Taking a bruising, battering, and beating – hockey is a rough sport. Players are constantly running into walls, and one another on purpose and on accident. Hockey players get used to injuries. Over the course of a season, it’s not uncommon to see broken bones, sprains or tears, not to mention lots and lots of bruises and maybe a few missing teeth. One injury that’s a sideline certainty: a sports hernia, also known as an inguinal disruption. Not only can a sports hernia injury be painful, but it can also turn a star player into a bench-warmer. Knowing how to prevent sports hernia injuries from happening and what to do if one does occur can keep you on the ice.
An inguinal disruption is an injury that happens when the soft tissue in the groin area is torn. Common symptoms include a visible weakness, pain when moving, and deep aches in or around the lower abdomen. Often, this causes chronic pain with activity and severely restricts an athlete’s ability to perform. Over time, a sports hernia can heal slightly, but without treatment there is a significant risk of permanent muscular damage.
The conditions during a hockey match have a lot in common with the usual circumstances under which athletes suffer sports hernias. Hockey players spend much of their time skating at high speeds, with frequent changes in speed and direction. Twists and turns on the ice require a strong core. Even the tiniest imbalance can increase the already enormous amount of strain on muscles. Hockey players’ frequent collisions and repetitive motions on an already perilous surface put them at high risk of sustaining a sports hernia.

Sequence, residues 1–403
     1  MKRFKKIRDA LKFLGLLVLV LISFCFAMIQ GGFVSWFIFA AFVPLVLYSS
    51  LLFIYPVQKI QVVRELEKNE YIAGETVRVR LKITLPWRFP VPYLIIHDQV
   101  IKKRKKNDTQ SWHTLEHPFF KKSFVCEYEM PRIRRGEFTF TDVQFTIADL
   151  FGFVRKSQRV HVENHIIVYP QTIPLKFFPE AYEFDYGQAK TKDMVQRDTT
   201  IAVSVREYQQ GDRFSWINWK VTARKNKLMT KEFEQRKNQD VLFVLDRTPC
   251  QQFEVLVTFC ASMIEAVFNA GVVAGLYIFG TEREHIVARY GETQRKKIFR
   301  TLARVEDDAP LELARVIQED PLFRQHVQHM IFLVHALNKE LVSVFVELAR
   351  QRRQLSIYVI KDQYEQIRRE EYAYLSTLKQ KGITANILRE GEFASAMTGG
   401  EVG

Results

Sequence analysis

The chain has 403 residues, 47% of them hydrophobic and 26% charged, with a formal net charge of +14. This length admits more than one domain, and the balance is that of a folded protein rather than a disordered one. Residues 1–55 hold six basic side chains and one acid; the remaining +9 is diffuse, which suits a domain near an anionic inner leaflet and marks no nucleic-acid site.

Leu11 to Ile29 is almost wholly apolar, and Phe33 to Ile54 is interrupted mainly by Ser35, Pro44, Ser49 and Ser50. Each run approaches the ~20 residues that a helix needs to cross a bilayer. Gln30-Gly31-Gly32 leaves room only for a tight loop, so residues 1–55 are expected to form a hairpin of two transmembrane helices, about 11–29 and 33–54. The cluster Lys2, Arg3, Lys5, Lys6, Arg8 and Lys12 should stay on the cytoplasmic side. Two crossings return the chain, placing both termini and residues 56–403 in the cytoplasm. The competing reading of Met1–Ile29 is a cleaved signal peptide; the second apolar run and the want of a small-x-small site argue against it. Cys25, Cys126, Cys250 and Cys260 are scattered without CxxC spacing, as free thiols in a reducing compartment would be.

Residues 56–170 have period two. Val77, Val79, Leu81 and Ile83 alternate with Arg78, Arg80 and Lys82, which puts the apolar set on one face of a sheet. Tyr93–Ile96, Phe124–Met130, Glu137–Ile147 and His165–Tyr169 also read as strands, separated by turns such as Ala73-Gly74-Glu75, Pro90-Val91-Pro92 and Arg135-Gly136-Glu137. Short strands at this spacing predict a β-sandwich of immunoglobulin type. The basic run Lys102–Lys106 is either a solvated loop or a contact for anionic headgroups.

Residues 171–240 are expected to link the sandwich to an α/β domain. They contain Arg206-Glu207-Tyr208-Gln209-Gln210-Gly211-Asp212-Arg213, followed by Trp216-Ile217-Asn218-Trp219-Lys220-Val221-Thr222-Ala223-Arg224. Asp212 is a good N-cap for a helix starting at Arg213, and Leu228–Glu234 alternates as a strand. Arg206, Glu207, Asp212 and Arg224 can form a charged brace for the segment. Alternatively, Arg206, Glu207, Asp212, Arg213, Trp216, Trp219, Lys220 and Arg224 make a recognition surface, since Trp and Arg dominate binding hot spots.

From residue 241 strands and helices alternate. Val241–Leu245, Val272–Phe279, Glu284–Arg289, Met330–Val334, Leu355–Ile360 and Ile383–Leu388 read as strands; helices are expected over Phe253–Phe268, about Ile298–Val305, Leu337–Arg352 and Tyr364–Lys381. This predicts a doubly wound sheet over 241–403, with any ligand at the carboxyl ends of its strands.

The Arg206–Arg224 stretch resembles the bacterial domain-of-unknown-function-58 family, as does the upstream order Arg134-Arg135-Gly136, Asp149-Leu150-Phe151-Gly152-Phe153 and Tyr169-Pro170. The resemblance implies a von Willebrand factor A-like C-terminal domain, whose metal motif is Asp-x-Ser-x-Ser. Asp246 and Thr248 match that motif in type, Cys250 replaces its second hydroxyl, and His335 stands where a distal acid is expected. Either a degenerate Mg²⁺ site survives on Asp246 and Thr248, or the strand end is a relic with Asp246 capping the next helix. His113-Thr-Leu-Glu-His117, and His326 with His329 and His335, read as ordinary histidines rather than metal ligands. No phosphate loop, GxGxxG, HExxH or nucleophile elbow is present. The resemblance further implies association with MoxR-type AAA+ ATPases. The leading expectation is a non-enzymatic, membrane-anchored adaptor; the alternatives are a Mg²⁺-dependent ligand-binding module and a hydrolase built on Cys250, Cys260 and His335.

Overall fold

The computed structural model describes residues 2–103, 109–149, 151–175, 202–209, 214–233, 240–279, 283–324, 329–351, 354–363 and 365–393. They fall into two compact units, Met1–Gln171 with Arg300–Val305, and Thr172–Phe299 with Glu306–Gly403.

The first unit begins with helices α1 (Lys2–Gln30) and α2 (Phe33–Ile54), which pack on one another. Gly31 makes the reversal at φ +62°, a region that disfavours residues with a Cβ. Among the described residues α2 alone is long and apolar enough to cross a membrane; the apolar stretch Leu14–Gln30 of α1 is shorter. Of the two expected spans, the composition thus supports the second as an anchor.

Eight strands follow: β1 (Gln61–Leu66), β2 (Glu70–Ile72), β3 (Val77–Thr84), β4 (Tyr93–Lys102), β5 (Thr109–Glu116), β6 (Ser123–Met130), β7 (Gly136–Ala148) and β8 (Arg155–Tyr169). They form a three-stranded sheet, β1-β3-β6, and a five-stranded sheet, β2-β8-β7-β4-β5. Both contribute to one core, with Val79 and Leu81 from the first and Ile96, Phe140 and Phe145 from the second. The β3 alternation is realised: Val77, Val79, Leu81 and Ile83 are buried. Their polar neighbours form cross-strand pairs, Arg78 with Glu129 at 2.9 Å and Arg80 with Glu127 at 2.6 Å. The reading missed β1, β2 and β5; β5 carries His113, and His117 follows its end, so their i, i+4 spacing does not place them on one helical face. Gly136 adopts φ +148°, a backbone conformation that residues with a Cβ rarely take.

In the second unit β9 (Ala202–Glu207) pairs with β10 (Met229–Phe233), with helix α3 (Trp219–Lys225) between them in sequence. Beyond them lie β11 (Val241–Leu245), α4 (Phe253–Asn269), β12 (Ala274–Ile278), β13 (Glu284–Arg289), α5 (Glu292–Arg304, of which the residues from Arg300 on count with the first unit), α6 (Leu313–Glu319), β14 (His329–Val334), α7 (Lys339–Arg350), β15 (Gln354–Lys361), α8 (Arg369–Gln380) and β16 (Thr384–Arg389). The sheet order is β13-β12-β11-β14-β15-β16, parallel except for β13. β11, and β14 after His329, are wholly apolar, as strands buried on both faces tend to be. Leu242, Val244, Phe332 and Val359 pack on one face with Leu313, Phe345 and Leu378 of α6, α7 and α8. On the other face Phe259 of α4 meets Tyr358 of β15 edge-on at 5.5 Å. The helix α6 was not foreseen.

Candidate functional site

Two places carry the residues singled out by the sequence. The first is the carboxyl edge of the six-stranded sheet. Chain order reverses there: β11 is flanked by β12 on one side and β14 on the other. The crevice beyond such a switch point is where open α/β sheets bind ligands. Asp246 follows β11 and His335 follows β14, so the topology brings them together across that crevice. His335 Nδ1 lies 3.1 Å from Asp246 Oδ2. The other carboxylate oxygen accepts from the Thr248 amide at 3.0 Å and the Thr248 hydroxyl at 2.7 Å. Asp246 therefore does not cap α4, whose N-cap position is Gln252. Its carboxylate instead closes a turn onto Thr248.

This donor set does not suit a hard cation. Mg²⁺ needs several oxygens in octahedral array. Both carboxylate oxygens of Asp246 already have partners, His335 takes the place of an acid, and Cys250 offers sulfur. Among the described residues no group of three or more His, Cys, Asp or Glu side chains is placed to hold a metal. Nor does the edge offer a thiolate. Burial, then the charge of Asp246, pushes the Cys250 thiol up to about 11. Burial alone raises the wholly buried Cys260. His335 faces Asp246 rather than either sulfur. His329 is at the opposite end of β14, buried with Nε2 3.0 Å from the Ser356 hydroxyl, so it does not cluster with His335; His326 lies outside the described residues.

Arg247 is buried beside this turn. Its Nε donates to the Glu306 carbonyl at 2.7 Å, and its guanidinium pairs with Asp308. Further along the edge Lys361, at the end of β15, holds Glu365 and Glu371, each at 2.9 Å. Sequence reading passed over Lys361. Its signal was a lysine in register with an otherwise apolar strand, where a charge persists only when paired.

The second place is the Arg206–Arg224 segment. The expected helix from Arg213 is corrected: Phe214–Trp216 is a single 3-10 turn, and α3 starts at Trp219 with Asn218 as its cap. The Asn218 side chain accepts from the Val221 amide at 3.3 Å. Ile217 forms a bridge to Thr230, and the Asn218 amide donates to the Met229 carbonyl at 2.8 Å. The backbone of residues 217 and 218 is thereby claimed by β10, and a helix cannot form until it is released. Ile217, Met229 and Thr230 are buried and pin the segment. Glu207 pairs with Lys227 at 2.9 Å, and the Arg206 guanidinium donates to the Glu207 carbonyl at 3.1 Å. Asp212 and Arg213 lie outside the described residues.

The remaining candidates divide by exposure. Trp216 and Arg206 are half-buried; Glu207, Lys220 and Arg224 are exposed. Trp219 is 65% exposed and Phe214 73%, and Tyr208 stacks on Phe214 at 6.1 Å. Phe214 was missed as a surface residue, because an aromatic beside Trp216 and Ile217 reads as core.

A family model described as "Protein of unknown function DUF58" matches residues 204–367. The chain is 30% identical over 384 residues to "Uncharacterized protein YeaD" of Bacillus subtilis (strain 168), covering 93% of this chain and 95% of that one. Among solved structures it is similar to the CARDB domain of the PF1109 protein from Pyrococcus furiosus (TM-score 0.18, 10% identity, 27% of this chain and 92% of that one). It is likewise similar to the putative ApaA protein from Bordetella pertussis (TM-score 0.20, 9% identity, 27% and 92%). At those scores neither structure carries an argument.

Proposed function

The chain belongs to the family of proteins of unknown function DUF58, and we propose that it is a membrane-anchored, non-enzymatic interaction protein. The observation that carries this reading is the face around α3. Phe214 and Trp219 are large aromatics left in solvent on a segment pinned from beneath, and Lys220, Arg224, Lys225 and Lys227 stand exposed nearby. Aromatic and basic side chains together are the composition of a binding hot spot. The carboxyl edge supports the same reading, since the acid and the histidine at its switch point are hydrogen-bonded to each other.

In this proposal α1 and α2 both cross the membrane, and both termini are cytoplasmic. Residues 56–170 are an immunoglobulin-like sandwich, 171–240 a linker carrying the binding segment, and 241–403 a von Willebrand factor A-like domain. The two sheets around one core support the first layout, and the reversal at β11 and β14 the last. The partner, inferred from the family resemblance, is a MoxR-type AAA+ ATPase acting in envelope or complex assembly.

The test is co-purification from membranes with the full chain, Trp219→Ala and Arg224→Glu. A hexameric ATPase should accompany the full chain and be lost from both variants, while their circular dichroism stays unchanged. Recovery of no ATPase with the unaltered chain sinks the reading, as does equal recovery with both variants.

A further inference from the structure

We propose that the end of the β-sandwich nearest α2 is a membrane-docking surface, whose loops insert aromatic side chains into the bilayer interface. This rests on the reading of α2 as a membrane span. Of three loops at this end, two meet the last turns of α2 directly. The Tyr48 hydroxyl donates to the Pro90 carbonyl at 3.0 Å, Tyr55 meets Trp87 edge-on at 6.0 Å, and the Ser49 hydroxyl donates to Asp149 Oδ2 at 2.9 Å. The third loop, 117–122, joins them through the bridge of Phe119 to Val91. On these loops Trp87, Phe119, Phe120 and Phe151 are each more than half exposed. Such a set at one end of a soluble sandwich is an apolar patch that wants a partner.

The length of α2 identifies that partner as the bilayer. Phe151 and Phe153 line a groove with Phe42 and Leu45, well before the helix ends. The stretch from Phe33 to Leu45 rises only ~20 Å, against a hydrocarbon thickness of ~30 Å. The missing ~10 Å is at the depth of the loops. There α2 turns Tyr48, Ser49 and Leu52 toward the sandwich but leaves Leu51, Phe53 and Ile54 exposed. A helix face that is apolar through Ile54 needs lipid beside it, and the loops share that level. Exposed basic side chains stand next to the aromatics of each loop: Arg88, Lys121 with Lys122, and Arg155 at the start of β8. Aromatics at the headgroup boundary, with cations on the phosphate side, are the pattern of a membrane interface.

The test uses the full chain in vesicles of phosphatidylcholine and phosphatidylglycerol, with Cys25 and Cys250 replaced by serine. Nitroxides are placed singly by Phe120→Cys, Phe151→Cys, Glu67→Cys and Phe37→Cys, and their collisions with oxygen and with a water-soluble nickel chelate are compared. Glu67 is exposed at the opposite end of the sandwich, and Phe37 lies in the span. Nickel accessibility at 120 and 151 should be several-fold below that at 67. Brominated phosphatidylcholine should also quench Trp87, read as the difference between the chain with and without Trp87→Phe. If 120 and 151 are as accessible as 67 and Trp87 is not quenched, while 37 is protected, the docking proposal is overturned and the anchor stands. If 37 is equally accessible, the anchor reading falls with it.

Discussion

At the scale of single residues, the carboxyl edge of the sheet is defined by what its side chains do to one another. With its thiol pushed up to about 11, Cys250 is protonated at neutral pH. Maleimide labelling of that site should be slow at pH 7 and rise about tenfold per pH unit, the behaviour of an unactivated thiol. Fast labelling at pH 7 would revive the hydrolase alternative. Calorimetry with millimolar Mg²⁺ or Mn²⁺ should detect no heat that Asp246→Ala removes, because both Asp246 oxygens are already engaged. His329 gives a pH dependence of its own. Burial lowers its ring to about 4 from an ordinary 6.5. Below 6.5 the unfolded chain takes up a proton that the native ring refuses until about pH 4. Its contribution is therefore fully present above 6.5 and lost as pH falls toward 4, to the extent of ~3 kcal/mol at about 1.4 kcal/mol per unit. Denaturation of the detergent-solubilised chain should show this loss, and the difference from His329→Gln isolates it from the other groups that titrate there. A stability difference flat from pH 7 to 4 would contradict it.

With all of the potential for injury, it’s critical that hockey players take preventative steps toward minimizing their sports hernia risk. Maintaining a strong core is the most important, and will not only help prevent injury, but also lead to greater balance on the ice. Flexibility is also important, as it will reduce the amount of strain exerted when turning or changing directions quickly. Including exercises focused on core strength and balance will help prevent sports hernia injuries from occurring.
Hockey might be notoriously fast-paced, but being sidelined with a sports hernia could put you on the bench for months. Knowing the symptoms and being prepared to recognize a possible injury can aid future recovery immensely. Prevention is an even better approach, and will not only minimize your chances of injury but also improve strength overall. For athletes playing hockey, taking a bruising can be a normal occurrence. Being aware of the signs and symptoms and how to prevent them means that you can avoid injury or recover much quicker if you experience a sports hernia. Always consult with a specialist if you think you might have an inguinal disruption. The quicker you know, the quicker you can recover and get back on the ice.
Dr. William Brown and his team have years of experience working with hockey players, as well as athletes from all sports. As the sports hernia specialist for the San Jose Sharks, he is intimately familiar with the specific injuries that can result from hockey games and the most effective paths for recovery. Dr. Brown’s years of experience and extensive knowledge on sports hernia injuries in hockey players offer an unparalleled advantage, one that can lead to a stronger, faster recovery.